That pierced to her bones
There was a ounce of terror in all their faces
The mayor stepped forward
He held an old scroll
Slowly he opened it was a slight rustle
Read the charges against her
No one look at her
As she was accused of witchcraft
No one but the three girls
Who smiled with pride
The mayor tried to comfort her
As she was led to the tiny cell
She’d get a trial
Her innocence would be shown
These were just formalities he assured
With those words
She kept her sanity
Up to the trial
The prosucution
Had but three witnesses
Her classmates
The accusers
The court room all gaspesed
As a story of curses
Was told by the first
Men cried
As the second told of gruseom animal sacrifices
The third was worst
Children and women fled
Angelica had killed her little sister
An virgin sacrfice
Everyone knew it was all fiction
Imaginitive stories
But when the defense asked for witnesses
No one would stand
Only word to be heard was witch
She cried & looked ot her friends
Wondering why they condemed her to death
The only thing she had done
Was refused to help them cheat
She was lead back
For a last mean
All night she prayed
The dawn cam
The sun hide behind the clouds
She stood up straight as the bound her
She recieted sweet poetry of hope
Knew there was some place better waiting for her
Her fiance stood with a torch
Begging for a confession
She just kept reciting bible verses
Until the scream and death
Angelica was just the victim
Of teenage revenge in Salem


“Father, seeing it from your eyes breaks our hearts. Maybe now we begin
to comprehend the great love you have for us. Amen ”

–Author Anonymous

br -Jessica-ought tears
To all who read of this love
Many years came to fly
The little girl turned to a woman

A young man came to ask
For her hand
Would she take his ring?
Against the dreams & hopes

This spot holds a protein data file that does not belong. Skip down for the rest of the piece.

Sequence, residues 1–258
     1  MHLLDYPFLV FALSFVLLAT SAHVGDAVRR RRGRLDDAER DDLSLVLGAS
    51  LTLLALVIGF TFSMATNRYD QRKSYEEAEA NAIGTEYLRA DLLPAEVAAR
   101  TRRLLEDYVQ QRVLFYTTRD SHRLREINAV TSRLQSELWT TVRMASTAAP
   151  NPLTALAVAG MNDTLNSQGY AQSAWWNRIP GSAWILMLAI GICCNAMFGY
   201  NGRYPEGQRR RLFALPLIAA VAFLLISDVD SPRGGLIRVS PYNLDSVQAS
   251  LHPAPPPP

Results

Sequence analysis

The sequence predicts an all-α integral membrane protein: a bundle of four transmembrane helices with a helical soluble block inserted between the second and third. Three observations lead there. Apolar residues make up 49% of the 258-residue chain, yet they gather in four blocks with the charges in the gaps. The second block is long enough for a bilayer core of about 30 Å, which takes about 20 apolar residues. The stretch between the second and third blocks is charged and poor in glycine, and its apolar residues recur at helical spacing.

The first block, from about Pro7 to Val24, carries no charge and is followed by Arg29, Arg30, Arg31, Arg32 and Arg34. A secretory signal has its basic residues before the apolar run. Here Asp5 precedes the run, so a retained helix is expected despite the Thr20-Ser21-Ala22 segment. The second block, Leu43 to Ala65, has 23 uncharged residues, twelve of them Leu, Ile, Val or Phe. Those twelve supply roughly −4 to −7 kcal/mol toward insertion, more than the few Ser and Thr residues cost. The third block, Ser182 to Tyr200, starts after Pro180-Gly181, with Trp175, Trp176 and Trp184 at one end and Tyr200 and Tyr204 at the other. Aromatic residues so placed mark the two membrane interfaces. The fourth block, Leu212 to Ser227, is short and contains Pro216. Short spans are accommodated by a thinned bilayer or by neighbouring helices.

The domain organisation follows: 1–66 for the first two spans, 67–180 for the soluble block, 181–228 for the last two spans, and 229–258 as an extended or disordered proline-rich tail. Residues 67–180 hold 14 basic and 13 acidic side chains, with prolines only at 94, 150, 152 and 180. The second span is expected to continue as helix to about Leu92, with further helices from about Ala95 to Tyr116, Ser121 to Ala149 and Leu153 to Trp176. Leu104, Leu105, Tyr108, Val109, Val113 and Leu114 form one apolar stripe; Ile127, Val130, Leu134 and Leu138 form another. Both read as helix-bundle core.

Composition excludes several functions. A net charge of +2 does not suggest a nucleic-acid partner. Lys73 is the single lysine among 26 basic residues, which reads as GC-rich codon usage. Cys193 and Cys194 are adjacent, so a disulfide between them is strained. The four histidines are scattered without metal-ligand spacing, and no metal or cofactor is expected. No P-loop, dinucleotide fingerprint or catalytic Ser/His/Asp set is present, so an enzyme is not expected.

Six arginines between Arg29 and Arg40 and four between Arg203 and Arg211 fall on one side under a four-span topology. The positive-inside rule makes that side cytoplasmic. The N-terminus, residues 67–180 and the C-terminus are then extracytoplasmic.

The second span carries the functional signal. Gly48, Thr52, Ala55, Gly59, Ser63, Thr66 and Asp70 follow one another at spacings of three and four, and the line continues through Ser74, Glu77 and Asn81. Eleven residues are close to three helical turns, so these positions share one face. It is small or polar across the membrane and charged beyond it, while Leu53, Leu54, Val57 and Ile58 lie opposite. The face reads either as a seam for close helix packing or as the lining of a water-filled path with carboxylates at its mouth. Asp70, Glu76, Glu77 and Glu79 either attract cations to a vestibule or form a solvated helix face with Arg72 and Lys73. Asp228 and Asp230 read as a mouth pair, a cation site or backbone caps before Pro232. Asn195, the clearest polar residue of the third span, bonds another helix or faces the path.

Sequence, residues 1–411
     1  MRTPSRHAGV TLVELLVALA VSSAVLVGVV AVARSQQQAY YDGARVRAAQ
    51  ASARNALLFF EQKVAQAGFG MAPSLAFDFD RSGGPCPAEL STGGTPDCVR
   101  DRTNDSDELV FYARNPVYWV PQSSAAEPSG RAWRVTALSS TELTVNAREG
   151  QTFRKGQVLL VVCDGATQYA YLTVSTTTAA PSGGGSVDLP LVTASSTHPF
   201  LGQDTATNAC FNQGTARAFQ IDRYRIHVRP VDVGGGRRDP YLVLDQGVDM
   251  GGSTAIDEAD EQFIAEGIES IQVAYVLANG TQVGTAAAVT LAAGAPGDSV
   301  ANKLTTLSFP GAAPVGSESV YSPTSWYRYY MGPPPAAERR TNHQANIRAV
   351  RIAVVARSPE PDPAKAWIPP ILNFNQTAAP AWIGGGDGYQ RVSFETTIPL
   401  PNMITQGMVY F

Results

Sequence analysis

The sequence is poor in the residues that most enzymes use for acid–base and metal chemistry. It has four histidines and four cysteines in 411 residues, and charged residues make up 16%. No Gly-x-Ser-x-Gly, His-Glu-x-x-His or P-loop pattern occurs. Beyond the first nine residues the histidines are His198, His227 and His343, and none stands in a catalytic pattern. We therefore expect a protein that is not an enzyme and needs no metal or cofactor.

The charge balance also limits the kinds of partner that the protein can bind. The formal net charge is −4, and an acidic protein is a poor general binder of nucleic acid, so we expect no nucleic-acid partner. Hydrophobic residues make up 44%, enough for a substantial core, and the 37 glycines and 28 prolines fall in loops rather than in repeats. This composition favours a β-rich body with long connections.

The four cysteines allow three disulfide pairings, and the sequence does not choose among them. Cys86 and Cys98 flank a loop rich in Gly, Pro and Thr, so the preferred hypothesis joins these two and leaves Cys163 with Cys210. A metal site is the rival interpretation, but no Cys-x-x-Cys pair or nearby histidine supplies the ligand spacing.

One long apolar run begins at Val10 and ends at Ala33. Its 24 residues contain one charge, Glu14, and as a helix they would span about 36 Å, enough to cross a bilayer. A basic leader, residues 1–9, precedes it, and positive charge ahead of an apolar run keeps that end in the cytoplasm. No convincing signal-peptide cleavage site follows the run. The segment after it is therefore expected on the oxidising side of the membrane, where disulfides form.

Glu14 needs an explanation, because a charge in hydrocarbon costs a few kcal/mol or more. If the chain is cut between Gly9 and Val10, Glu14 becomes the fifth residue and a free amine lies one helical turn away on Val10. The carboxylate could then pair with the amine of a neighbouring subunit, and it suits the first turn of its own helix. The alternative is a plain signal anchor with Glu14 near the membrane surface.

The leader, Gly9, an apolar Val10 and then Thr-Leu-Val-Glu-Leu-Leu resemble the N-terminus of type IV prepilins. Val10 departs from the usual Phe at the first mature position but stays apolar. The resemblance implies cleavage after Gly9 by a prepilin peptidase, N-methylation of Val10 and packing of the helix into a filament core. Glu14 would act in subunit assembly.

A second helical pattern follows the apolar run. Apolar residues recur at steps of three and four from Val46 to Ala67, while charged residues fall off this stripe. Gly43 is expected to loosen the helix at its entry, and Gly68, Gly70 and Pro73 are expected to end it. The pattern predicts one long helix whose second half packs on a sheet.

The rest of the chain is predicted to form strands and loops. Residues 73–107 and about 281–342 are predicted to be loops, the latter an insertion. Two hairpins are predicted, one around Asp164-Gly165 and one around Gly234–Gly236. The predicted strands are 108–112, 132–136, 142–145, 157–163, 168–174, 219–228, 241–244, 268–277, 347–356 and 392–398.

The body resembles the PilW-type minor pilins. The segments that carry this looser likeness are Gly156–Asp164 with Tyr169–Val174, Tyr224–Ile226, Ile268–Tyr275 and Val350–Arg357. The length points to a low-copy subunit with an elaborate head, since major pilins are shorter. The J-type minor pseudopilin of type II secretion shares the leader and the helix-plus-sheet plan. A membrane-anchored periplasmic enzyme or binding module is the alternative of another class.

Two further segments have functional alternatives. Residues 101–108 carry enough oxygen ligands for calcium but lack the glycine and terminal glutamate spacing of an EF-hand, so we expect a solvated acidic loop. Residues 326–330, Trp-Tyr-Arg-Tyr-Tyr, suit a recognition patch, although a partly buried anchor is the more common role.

Of her parents greed
She said yes to her fiance
Forsaked money & family
Her heart was stronger
She ran off to be eloped
They streamed down the road
Didn’t want to waste any time
Holding hands in pure happiness
They slipped off the road
A unseen cliff lurked ahead
It swallowed them whole
They never did see the danger
Laughing all the way
The greeted eternity together
Her mother’s eyes
Wept with a river of tears
As the bodies were lowered
Into the darkness
Her father was stunned
To realize that he had lost his heir

Days feel through the hourglass
When someone stumbled

Mar Jun Dec
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1999 2000 2001

23 captures

15 Sep 1999 – 20 Aug 2008

About this capture

I want to be six again.

I want to go to McDonald’s and think it’s the best place in
the world to eat.

I want to sail sticks across a fresh mud puddle and make
waves with rocks.

I want to think M&Ms are better than money ’cause you can eat them.

I want to play kickball during recess and stay up on
Christmas Eve waiting to hear Santa and Rudolph on the roof.

I long for the days when life was simple. When all you knew
were your colors, the addition tables, and simple nursery rhymes,
but it didn’t bother you because you didn’t know what you didn’t
know, and you didn’t care.

I want to go to school and have snack time, recess, gym,
and field trips.

I want to be happy because I don’t know what should make me upset.

I want to think the world is fair, and everyone in it is
honest and good.

I want to believe that anything is possible. Sometime, while I
was maturing, I learned too much. I learned of nuclear weapons,
starving and abused kids, and unhappy marriages.

I want to be six again.

I want to think that everyone, including myself, will live
forever because I don’t know the concept of death.

I want to be oblivious to the complexity of life, and be
overly excited by the little things again.

I want television to be something I watch for fun, not something
I use for escape from the things I should be doing.

I want to live knowing the little things I find exciting will
always make me as happy as when I first learned them.

I want to be six again.

I remember not seeing the world as a whole, but rather being
aware of only the things that directly concerned me.